After graduation in 1966, Ashe went to West Point, N.Y., to serve a two-year Army commitment as an officer but continued to play tennis. In 1968, he reached the semifinals at Wimbledon. He then won a unique double: the last U.S. Nationals for amateurs and the first U.S. Open (pros hadn't been allowed in the tournament previously).

Employing a ferocious serve, he beat Dutchman Tom Okker in five sets for the Open title at Forest Hills, N.Y. "How can you play tennis when you can't see the ball?" Okker asked.

Ashe's second Grand Slam title came in 1970 when he defeated Dick Crealy in straight sets in the final of the Australian Open, an event in which he finished second three times.

That same year, he called for South Africa's expulsion from the International Lawn Tennis Federation and when he tried to travel there, had his visa application denied. Three years later, Ashe was granted a visa and became the first black player in South Africa's national championships.
Arthur Ashe
Arthur Ashe upset Jimmy Connors in 1975 at Wimbledon to win his last Grand Slam singles title.

In 1975, he won his last Grand Slam singles title when he upset defending champ Jimmy Connors in four sets in the Wimbledon final. His serving display impressed former Wimbledon champion Don Budge, who said, "Ashe was the first one to play Connors the right way, to put the ball where his reach was limited."

In July 1979, Ashe suffered a heart attack and underwent quadruple-bypass surgery five months later. He retired the next year with a professional record of 818-260 in the Open era.

Health problems continued after his playing days as Ashe became, in his words, a "professional patient." Diligently preparing for his post-tennis life, he adhered to a W.E.B. DuBois notation, "Lord, make us not great but busy."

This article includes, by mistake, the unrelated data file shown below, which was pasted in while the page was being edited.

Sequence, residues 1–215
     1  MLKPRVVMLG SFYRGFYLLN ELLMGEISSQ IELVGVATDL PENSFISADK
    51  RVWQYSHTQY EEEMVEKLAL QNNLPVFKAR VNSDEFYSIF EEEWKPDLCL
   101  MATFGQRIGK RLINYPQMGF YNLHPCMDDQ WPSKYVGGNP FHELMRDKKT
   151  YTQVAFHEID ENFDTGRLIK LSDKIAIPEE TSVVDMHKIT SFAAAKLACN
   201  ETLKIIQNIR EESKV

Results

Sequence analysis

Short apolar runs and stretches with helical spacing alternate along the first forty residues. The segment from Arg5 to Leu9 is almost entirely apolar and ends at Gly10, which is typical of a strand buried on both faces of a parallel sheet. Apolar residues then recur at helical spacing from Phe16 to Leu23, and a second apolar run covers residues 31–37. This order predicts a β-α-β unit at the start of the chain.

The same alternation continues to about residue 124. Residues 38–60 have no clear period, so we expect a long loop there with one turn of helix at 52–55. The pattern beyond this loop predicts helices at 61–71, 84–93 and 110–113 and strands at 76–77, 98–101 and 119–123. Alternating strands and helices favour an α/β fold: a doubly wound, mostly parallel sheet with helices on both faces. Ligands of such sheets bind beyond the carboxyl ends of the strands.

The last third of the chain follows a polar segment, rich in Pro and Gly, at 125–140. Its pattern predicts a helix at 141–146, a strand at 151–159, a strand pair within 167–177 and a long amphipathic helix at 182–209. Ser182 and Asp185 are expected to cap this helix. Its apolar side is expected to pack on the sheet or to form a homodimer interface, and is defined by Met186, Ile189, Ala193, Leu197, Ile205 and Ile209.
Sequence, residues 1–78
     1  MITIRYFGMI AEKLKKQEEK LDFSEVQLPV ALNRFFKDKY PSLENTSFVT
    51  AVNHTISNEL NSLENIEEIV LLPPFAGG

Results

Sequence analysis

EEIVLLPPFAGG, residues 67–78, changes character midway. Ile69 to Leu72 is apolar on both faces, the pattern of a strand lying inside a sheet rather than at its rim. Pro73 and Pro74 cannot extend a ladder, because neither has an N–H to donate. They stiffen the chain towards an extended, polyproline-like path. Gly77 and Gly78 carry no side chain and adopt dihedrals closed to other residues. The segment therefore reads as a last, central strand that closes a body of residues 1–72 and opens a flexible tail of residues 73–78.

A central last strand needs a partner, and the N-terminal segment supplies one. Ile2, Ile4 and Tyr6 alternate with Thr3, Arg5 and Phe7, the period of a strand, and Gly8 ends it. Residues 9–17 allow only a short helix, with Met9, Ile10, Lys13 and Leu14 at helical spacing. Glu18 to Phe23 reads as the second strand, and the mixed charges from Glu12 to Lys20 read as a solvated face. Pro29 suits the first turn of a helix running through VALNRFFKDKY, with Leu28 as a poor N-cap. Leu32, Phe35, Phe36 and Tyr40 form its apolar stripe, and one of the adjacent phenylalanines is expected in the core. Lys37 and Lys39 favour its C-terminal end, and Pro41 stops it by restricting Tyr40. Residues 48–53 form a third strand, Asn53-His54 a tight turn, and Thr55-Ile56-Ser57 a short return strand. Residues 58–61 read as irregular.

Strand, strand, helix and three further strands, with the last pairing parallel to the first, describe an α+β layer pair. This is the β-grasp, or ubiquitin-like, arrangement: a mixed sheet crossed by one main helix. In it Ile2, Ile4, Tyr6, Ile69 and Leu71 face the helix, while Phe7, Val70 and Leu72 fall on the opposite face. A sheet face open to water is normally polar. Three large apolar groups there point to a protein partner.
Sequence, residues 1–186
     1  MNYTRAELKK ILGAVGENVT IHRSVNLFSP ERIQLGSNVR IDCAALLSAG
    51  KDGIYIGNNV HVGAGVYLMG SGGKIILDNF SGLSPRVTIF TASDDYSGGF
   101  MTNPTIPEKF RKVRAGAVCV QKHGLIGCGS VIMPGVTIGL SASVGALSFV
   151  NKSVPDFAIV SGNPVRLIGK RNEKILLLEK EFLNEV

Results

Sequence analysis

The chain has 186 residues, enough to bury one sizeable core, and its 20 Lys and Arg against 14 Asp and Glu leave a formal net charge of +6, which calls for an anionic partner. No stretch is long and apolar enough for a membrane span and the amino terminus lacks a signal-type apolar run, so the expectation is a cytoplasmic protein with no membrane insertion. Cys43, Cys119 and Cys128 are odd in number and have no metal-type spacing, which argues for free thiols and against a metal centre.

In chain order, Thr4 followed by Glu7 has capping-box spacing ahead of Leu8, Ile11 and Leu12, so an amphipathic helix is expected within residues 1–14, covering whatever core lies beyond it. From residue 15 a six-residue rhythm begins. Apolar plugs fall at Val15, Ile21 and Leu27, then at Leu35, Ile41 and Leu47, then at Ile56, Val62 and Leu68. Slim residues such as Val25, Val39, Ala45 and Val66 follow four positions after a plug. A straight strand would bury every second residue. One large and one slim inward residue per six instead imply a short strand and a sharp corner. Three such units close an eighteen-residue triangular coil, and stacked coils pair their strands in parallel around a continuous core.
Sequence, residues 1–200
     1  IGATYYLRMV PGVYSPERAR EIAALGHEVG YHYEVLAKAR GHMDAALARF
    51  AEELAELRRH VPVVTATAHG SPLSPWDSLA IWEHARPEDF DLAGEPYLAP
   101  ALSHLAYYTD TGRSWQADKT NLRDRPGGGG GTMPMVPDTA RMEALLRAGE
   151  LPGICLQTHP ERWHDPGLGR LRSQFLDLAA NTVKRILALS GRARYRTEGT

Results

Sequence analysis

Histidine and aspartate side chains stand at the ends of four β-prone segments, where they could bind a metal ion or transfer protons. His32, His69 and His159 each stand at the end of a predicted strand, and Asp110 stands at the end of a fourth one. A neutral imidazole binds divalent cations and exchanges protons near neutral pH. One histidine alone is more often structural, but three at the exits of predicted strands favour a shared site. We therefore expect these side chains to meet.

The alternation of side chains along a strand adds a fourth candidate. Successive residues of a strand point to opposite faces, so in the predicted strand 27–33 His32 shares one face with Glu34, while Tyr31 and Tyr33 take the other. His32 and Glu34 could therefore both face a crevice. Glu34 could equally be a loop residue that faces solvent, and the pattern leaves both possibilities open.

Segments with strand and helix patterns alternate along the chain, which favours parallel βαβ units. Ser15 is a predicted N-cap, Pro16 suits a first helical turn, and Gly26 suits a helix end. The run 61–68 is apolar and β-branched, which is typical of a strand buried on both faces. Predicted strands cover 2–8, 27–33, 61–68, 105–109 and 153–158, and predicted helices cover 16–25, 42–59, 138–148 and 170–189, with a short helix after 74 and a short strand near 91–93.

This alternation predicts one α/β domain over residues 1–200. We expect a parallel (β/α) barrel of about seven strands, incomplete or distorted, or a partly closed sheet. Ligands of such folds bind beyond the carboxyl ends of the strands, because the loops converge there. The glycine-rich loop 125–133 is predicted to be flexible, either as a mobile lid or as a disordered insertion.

Named Davis Cup captain in 1980, Ashe coached the team from 1981-85. His initial enthusiasm waned after sparring with emotional players such as John McEnroe.

He taught an honors seminar on the modern black athlete at a small college in Miami. He formed the Ashe-Bollettieri Cities (ABC) tennis program, The Safe Passage Foundation, the Athletes Career Connection and the Arthur Ashe Institute for Urban Health. He served on the board of the Aetna Life and Casualty Company. He actively pursued social justice, focusing heavily on the apartheid issue and making several trips to South Africa to see conditions firsthand.

Ashe, who befriended black South African leader Nelson Mandela, was arrested in 1985 during an anti-apartheid protest in Washington and later that year marched on the U.S. mission to the United Nations in a similar cause. "Marching in a protest is a liberating experience," he said. "It's cathartic."

After feeling numbness in his hand in August 1988, Ashe was hospitalized and learned that he had AIDS. His exposure was traced to a blood transfusion received five years earlier after double-bypass surgery. He and his wife Jeanne decided to keep the news private, telling only their closest friends.

Ashe confronted the disease with little visible fear and remained as busy as his health allowed. "Despair is a state of mind," he wrote in Days of Grace, "to which I refuse to surrender."

Ashe was arrested in 1992 protesting against U.S. treatment of Haitian refugees.
Five months before his death, he was arrested outside the White House in a protest against American treatment of Haitian refugees. Three months later, he spoke at the U.N., asking delegates to increase funding for AIDS research.

Earlier in 1992, aware that USA Today had learned of his illness, Ashe went public with the news that he had AIDS. At the press conference, he also said that his wife and five-year-old daughter were HIV-negative.

On Feb. 6, 1993, he died of AIDS-related pneumonia in New York. Arthur Ashe was 49. His body lied in state in Richmond, where it was viewed by more than 5,000 people.

"He was an ambassador of what was right," said Bryant Gumbel in an HBO special on Ashe. "He was an ambassador of dignity. He was an ambassador of class."